Last week I went to QuiltCon in SoCal. I’ve never made the schlep to Austin for the previous events, and being as Pasadena was old stomping grounds for me (I worked there for a while in a previous version of my life) it was a no-brainer to make it to this one.
There were several highlights for me, mostly around re-connecting with friends, or meeting new people, but I would have to say top on my list was seeing Chawne Kimber’s work in person, and then getting to really, deeply, talk with her. She is a lovely human – generous of her time, thoughtful with her words, and funny as hell. I also saw her speak on a panel about diversity in quilting, and she is formidably in command of both historical and current issues surrounding the race and gender conversations in our world. I am even more of a fan now.
Chawne uses her needle skills to say important things. She nails it with the razor sharp focus and acumen of an editorial cartoonist. Political cartoons require a decathlon of skills: you have to be in the thick of the conversation that is going on right now, understand its history, be able to tease out the most important (and likely least seen) nuances, write them large in a tight sentence or two, and then illustrate the heck out of them, exaggerating only certain details for specific effect. And do all of it in a timely fashion so they don’t look like last week’s joke.
Chawne had two quilts in the show:
In Chawne’s words:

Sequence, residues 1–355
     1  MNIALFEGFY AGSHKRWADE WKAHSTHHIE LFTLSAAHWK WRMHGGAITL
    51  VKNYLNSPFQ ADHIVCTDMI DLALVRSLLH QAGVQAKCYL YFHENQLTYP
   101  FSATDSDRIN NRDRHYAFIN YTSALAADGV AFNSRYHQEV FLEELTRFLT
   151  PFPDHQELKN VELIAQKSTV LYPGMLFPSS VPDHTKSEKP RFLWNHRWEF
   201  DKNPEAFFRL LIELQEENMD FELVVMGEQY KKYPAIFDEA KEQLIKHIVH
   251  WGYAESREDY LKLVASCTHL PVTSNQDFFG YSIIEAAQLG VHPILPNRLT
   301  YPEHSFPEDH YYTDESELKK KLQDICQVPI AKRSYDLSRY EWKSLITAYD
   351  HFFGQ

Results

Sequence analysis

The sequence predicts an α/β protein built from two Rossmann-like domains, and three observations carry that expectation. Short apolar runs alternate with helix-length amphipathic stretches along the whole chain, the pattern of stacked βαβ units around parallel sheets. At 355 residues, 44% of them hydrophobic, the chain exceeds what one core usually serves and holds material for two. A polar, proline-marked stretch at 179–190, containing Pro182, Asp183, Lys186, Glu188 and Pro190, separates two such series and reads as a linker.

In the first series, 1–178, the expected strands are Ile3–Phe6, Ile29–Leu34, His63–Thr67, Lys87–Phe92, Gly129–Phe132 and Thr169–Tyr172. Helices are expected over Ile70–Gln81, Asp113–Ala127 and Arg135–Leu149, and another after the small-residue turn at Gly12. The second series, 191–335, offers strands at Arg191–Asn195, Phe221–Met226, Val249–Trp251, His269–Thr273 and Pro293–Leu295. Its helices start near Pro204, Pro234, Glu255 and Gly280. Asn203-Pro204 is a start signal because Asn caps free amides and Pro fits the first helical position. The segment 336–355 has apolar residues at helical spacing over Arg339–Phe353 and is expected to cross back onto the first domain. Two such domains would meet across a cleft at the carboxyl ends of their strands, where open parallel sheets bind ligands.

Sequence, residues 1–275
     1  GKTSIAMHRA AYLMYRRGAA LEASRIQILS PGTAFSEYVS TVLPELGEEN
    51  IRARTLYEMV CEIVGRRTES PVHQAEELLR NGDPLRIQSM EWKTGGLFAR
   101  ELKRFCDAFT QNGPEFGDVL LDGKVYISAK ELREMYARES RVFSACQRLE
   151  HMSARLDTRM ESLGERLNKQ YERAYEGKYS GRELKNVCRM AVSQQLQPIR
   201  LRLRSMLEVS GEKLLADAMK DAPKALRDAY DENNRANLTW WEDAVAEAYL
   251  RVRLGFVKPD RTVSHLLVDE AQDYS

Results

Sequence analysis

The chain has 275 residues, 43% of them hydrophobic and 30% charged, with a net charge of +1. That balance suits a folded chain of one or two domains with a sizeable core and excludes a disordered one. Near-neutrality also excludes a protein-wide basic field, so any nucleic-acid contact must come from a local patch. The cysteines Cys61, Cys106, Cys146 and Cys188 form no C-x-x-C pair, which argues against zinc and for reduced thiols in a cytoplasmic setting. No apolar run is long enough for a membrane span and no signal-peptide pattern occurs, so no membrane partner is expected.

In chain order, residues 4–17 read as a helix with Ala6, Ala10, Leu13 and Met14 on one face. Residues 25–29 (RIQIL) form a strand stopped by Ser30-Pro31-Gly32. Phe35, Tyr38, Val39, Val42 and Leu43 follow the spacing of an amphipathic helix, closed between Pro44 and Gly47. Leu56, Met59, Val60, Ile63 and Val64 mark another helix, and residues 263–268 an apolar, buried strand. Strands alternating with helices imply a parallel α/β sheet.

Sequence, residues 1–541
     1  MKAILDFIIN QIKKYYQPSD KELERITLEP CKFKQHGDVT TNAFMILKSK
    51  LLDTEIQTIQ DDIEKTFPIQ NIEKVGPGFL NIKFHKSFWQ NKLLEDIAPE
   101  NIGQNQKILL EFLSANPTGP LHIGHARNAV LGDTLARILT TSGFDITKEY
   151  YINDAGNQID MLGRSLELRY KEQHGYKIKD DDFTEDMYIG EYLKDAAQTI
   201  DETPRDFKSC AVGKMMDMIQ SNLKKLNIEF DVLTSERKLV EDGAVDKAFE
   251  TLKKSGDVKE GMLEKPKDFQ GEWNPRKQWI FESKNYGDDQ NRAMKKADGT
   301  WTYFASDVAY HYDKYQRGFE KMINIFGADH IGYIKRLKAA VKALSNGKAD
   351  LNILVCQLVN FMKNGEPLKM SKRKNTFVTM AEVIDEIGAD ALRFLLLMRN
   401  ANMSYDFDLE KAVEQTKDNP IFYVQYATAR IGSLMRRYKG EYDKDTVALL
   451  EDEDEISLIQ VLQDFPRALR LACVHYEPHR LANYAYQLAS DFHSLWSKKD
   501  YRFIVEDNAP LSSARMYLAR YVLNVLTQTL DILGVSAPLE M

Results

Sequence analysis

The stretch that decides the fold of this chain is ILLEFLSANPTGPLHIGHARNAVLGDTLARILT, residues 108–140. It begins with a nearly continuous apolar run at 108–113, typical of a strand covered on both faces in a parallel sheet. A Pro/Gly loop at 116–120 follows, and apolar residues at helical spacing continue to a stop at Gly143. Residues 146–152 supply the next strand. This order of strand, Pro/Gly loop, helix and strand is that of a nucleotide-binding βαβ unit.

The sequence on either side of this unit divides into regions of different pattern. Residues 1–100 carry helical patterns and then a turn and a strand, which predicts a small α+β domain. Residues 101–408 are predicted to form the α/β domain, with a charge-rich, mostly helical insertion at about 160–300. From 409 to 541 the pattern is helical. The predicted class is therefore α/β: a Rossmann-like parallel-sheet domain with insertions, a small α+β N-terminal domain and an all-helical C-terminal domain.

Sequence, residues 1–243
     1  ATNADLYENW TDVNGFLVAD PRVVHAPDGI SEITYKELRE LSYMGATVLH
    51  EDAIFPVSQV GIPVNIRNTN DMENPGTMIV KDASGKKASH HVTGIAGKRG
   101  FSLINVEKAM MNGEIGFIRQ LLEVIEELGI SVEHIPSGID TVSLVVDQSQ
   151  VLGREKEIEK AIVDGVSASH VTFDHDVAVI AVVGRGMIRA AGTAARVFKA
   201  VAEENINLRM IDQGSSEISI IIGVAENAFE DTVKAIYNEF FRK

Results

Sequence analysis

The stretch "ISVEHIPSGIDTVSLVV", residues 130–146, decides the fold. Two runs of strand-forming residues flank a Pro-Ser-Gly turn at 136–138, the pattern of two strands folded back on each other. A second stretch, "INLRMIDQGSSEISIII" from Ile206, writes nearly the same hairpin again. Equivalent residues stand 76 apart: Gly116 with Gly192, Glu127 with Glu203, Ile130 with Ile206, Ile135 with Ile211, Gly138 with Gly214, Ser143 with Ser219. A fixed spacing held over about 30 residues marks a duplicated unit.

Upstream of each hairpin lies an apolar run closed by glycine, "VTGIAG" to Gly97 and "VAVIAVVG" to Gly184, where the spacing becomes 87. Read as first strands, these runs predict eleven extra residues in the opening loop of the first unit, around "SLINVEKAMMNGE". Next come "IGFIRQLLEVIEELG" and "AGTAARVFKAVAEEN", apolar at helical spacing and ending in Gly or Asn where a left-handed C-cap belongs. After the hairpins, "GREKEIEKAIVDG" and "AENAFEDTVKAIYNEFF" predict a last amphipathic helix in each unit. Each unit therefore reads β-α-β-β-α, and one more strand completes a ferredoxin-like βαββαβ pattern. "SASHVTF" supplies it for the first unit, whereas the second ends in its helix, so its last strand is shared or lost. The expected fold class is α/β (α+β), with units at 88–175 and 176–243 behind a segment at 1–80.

The improvisational patchwork here is meant to remind one of graffiti scrawled impulsively on a wall in the shadows. Hand-quilting in winding trails of various reds invokes brick and blood.
A quilt in my “elegy” series, this one is for Eric Garner who was killed in a chokehold by NYPD officer Daniel Pantaleo on July 17, 2014 on Staten Island. His suspected crime was selling loose cigarettes on a street corner. Recorded in a viral video on a smart phone, these were Eric’s last words.
For me, these words are filled with meaning beyond the incident.
Her second quilt:
In her words:
“In essence, I am a sophisticated cotton picker.” This is a summary quote in southerner Eartha Kitt’s autobiography, Alone with Me, that has myriad (direct and indirect) meanings I identify with. This improvisational patchwork and kantha style handquilting is a direct callback to the make-do utility quilts made by my great-grandmother on a former cotton plantation in Wendowee, Alabama, at the turn of the last century. A small bit of visible mending is a love note to her.
Thank you for this work, Chawne. PLEASE keep ’em coming.
Chawne’s work and other great political quilts from QuiltCon were featured in an LA Times article here.
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